Bishop Greg O’Kelly SJ led a group of more than 100 young people from the Adelaide Archdiocese and 18 from Port Pirie Diocese, accompanied by a number of priests and Youth Office representatives.
He said the experience of celebrating their faith with more than 5000 people would have shown the young people that they were not “isolated freaks”.
“I think there were many graces and blessings,” Bishop O’Kelly said. “What is necessary now is to provide some reinforcing follow-up.”
He urged parishes to invite the youth to participate more fully in the Eucharist and also suggested holding deanery gatherings in six months’ time.
One of the largest groups from the Archdiocese comprised students from Tenison Woods College in Mt Gambier. Catholic Identity and Mission coordinator Chloe Shanahan and four staff took 10 young people from Mt Gambier, Millicent and Penola parishes.
She said the festival, held in December, gave them “the sense that we are part of the larger Church”, something which was often difficult to appreciate in the South East.
“Our young people loved connecting with other young Catholics their age and loved every minute of the festival,” she said.
“Engaging with priests, nuns, brothers and bishops was a wonderful opportunity for them to discuss issues they face as another way to provide feedback to the Plenary Council.
“They would spend time at meal times and on the way back each evening discussing panel speakers and presenters that were worth seeing the next day, along with things that resonated with them through the festival.”
Both Bishop O’Kelly and Chloe said a highlight was Adoration of the Blessed Sacrament.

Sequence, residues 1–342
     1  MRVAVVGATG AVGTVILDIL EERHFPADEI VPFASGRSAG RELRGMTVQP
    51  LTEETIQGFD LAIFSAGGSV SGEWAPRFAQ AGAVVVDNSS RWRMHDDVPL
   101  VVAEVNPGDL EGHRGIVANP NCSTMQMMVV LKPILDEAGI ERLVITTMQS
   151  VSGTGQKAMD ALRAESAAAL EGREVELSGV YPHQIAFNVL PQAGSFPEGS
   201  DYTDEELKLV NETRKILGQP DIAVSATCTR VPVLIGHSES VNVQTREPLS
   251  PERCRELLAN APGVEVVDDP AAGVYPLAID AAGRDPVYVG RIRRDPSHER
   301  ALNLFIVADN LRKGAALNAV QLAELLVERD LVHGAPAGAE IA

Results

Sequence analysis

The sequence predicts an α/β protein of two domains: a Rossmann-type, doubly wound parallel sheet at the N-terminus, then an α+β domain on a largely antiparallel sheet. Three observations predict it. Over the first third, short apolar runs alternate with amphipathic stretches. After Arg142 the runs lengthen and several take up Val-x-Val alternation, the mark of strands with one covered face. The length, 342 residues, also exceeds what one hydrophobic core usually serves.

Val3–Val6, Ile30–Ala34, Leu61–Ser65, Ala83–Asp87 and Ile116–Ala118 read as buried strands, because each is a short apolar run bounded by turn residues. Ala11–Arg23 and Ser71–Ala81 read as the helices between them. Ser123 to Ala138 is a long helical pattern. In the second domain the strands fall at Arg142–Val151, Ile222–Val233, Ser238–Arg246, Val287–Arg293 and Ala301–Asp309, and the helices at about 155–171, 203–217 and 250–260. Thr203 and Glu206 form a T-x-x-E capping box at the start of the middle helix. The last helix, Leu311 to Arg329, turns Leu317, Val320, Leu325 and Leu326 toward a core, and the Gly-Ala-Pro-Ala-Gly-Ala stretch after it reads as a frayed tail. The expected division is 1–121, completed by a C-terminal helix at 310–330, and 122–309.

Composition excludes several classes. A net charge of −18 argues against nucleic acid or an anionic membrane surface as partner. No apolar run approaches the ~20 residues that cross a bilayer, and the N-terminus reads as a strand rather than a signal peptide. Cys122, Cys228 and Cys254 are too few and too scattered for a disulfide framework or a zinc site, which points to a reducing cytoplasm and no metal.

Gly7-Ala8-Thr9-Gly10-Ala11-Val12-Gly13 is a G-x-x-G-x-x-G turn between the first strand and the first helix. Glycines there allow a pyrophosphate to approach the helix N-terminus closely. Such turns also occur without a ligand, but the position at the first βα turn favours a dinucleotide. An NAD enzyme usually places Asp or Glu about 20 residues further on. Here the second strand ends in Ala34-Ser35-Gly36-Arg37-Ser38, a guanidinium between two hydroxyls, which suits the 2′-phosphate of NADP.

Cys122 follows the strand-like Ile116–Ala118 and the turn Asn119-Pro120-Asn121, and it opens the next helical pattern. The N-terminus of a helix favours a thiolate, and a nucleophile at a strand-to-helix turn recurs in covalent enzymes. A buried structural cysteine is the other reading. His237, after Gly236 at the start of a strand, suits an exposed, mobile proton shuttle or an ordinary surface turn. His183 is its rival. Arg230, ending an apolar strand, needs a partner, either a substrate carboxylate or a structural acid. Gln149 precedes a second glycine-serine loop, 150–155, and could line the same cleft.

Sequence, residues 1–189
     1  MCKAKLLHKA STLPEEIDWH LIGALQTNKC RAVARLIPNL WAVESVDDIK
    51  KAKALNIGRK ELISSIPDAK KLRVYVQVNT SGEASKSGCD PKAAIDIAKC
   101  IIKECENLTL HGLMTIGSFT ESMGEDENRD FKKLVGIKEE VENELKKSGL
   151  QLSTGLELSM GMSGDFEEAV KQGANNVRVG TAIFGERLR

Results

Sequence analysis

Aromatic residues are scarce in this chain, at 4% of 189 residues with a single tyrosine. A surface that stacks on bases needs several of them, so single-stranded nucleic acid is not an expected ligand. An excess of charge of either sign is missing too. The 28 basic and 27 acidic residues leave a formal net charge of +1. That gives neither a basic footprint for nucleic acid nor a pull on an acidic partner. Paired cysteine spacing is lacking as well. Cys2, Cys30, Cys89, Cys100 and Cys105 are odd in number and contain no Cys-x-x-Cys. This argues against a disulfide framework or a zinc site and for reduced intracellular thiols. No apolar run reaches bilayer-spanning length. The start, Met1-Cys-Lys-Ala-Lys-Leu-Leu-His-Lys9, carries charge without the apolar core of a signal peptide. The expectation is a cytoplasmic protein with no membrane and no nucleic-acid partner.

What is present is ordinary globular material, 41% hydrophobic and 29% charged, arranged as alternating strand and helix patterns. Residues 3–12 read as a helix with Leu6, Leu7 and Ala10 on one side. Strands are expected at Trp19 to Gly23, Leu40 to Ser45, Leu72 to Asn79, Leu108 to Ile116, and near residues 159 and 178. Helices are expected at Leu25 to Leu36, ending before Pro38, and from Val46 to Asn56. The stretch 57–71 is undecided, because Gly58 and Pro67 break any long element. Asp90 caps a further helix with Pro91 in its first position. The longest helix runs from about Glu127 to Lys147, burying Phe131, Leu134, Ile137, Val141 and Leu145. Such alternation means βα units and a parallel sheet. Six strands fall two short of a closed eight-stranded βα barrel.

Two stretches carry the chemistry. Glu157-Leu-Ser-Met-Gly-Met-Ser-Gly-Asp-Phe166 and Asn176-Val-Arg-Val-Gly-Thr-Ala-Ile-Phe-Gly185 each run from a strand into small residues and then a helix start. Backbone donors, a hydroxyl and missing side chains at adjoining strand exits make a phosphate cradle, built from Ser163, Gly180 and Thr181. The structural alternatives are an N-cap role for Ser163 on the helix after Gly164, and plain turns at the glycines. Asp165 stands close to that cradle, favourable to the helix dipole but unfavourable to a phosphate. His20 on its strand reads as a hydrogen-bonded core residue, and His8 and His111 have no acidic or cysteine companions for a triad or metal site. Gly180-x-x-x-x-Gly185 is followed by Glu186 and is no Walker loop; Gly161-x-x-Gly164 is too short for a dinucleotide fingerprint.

“This was a beautiful way for our group to kneel in the presence of Jesus with 5000 other young Catholics and for them to deepen their connection with God,” said Chloe.
“This moved many of our group in different ways but an experience, emotion and connection to God that I am sure they will never forget.”
For the Spanish-speaking youth group of the Kilburn parish, the festival was a first for the group which only started two years ago.
Coordinators Martin and Karina Carman said seeing the young people enjoying themselves, “jumping, dancing and running from one activity to the other”, was the best reward for all the work put in to get there.
“I’m sure this festival has touched all of us one way or another and we all feel re-energised to keep working,” Martin said.
Karina said her experience was a “bit different” because she took her 10-month old son Oliver who was by far the youngest participant for most of the festival.
“To see my son even at a very early age praising God and getting something out of it…sometimes we underestimate how even at a very young age, the music and the praising can get to them,” she said.
On their return, the young people created a PowerPoint that was presented at Mass and gave testimonials.